PARIS (AP) — France's foreign minister threw cold water Thursday on weapons requests by the Syrian rebel forces, saying arming the Syrian opposition could lead to catastrophic civil war.
The Syrian opposition is divided as it marks one year since their uprising against President Bashar Assad's regime, and diplomatic efforts to end fighting that has killed at least 7,500 people appear to be stalling.
Rebel forces are asking for new weapons after defeats by government troops. But leading world powers such as the United States and France seem wary of getting embroiled in a new conflict after the NATO-led airstrikes in Libya.
"The Syrian people are deeply divided, and if we give arms to a certain faction of the Syrian opposition, we would make a civil war among Christians, Alawites, Sunnis and Shiites," French Foreign Minister Alain Juppe said on France-Culture radio Thursday.
France, Syria's former colonial ruler, is backing the opposition against Assad and pushing for Assad's departure. Juppe says arming the opposition could lead to "a catastrophe even larger than the one that exists today."
The comments echoed those from President Barack Obama in Washington on Wednesday, who warned of an international response that could lead to more deaths.
"When we see what's happening on television, you know, our natural instinct is to act," Obama said. "One of the things that I think both of us have learned ... is that it's very important for us to make sure that we have thought through all of our actions before we take those steps."
After two significant defeats at the hands of Syrian government troops, the country's rebel forces are low on cash and running out of weapons.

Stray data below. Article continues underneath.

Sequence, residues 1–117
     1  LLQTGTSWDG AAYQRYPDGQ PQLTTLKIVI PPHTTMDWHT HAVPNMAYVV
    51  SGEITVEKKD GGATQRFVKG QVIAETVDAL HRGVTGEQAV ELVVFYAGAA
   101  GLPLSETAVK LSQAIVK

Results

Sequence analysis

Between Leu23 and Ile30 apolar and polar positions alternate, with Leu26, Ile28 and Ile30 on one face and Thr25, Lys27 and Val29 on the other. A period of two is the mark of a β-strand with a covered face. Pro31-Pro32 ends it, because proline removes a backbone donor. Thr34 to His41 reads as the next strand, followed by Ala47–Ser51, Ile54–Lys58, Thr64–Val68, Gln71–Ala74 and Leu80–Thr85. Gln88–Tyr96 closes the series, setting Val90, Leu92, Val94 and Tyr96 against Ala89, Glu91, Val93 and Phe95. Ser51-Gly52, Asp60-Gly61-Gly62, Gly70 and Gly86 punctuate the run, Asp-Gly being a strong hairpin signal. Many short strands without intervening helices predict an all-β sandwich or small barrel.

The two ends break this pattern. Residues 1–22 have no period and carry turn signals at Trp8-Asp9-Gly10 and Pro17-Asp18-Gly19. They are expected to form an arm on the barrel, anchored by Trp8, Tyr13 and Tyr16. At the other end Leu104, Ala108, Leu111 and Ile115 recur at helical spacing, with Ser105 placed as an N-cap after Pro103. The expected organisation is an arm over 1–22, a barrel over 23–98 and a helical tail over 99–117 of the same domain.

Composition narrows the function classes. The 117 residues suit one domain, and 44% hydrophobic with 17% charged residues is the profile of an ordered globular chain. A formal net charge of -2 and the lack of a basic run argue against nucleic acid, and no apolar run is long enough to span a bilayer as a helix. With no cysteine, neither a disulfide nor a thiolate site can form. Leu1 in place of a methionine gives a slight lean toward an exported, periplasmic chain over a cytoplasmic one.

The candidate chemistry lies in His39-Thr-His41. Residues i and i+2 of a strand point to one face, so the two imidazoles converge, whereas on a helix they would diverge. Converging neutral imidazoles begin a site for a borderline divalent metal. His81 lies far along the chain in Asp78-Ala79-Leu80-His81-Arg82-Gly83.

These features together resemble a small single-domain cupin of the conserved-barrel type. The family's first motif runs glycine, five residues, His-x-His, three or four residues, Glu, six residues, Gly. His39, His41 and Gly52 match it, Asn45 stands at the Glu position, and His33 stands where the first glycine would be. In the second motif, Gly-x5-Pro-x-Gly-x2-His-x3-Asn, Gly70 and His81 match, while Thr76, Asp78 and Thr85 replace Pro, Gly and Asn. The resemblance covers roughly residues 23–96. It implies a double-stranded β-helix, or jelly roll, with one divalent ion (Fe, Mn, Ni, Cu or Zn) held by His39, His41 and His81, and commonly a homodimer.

"Send us money, we're desperate. Send us weapons," Ahmad Kassem, who coordinates military operations for the rebel Free Syrian Army, told The Associated Press in an interview Wednesday. "We don't need fighters. We have excess men who can fight, but we need weapons to protect our land and honor."
Many Syrian opposition members are in Paris but divisions have kept them from forming a single force that the international community is rallying behind.
Juppe also expressed frustration at Russia's continued support for Assad, while acknowledging that it's in part linked to Russia's anger at the international military campaign in Libya.
"Russia ... considers we went too far," Juppe said. "They are asking us ... to pay for the Libya operation."
Libya's Moammar Gadhafi and Syria's Assad were Russian allies before uprisings last year started sweeping away entrenched Arab leaders.
Moscow, Syria's key source of weapons, says it's continuing to supply arms that could be used to fend off external threats — but not against protesters. Russia backs Assad's claim that the uprising is a foreign conspiracy and that weapons and militants have been brought into Syria from abroad.
Syrians first took to the streets in March last year to call for political reforms, and the protests spread as Assad's security forces violently cracked down. Some in the opposition have since taken up arms to fight.
Saudi Arabia said Thursday it's closing its embassy in Damascus, after several other countries did the same.